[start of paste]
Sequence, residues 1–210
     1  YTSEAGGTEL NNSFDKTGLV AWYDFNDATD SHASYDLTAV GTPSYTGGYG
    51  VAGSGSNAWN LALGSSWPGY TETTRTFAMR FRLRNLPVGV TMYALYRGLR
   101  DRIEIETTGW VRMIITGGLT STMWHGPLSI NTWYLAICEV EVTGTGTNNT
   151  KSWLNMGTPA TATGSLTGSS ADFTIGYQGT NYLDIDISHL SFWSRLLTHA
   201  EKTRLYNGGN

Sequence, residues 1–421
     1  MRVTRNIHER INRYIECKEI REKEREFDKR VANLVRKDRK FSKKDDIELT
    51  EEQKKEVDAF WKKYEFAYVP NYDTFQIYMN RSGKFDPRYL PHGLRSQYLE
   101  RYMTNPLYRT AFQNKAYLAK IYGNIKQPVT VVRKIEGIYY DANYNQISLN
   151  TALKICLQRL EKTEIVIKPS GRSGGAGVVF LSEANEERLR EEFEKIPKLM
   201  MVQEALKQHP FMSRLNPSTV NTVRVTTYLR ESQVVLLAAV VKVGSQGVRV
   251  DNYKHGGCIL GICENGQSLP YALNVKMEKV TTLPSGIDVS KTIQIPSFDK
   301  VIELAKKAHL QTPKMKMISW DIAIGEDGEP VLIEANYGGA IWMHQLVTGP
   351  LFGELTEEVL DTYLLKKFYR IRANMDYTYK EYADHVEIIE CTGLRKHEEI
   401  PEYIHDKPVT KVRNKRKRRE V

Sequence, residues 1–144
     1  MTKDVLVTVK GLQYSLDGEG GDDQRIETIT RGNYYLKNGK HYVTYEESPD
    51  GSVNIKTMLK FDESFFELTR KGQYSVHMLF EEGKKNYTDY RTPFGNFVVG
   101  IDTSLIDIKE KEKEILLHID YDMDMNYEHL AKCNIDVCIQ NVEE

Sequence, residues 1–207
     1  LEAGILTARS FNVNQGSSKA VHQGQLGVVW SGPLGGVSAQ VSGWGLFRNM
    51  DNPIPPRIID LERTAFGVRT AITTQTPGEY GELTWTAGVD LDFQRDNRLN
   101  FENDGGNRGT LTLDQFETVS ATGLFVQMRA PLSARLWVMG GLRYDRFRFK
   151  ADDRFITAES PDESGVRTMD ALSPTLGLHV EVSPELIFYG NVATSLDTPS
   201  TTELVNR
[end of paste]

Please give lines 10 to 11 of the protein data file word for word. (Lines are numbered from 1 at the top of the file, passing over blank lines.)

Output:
   101  RYMTNPLYRT AFQNKAYLAK IYGNIKQPVT VVRKIEGIYY DANYNQISLN
   151  TALKICLQRL EKTEIVIKPS GRSGGAGVVF LSEANEERLR EEFEKIPKLM